The roots of our descent into the rule of quasi-law are relatively deep. From Woodrow Wilson and the Progressives to Franklin Roosevelt’s New Deal, powerful political actors have attacked the “deadlock of democracy,” painting the Constitution as an impediment to expression of the people’s will. This determination to turn our Constitution into a tool of transformation, rather than a charter of limited government, crucially undermined the rule of law. The ideological choice of results over process and form that literally transformed our constitutional culture from one devoted to maintenance of a free people governing itself in its various local associations into a conflicted set of interested parties and ideological factions fighting to control the levers of federal power for their own ends.
The crucial change that has taken place has been the atrophy of Americans’ constitutional morality. This term, most fully developed by the late George Carey, refers to the felt duty of the people, and especially those in positions of political authority, to respect constraints on their power included in the written and unwritten constitutions. Having delegitimized the written Constitution’s emphasis on limited, checked, and balanced powers, and having sold the people on a conception of the national government as one properly responsible for the well-being of every individual in the nation, Progressives of various sorts have destroyed America’s traditional constitutional morality. In its place we now have a confused set of motivations and convictions in important ways opposed to the written Constitution.
Our Constitution was written for a people seeking to live decent lives within their own, largely self-governing communities. It cannot function if the unwritten constitution, as we can call it, of institutions, beliefs, and practices no longer supports a limited central government of separated powers. It would be easy to simply despair of our constitutional order and recommend a new one, seeking to cabin power through extensive, detailed statutes or administrative procedures. This has been the direction of reform for some decades. It has not born fruit for the simple reason that contempt for constitutional formalities necessarily involves contempt for legal formalities.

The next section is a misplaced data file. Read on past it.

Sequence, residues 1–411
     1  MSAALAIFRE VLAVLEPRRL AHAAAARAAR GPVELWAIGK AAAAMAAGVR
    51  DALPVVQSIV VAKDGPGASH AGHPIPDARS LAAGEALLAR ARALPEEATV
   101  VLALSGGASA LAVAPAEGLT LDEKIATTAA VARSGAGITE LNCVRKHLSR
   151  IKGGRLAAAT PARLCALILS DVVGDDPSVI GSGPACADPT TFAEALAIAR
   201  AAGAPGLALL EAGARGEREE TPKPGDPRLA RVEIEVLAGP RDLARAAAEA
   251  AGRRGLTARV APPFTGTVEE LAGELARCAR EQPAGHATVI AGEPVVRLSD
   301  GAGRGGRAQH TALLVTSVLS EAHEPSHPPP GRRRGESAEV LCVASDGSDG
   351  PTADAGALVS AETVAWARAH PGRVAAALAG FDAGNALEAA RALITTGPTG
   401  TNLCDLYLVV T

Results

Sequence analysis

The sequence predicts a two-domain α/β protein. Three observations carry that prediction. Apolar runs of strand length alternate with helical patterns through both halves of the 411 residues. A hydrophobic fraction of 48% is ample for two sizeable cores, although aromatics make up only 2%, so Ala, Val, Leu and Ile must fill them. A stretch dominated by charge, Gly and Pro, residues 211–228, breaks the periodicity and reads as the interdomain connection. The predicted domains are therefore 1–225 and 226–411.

Only the hard work of restoring our unwritten constitution will make it possible to enforce and rebuild our constitutional order. This is not the work of a few detailed reforms, but of a decades-long struggle to reinvigorate the determination to use already existing constitutional procedures to limit power. The power of impeachment and removal, the power of the veto, and, above all, the determination to cease supporting actions, by whatever branch of government, that fail to abide by the requirements of constitutional and legal form; all these must be grasped again by citizens and public figures determined to restore the rule of law and our constitutional order.
 The new regulations have suffered only limited judicial setbacks along the way. For a detailed critique, see “Law Professors’ Open Letter Regarding Campus Free Speech and Sexual Assault.” Available at: https://www.lankford.senate.gov/imo/media/doc/Law-Professor-Open-Letter-May-16-2016.pdf
 Of course, the Department is aided by campus administrators only too happy to comply with any directive increasing their own power and supporting their own ideological programs. A useful summary of these actions is provided in the document from Senator Lankford’s office, cited in previous note.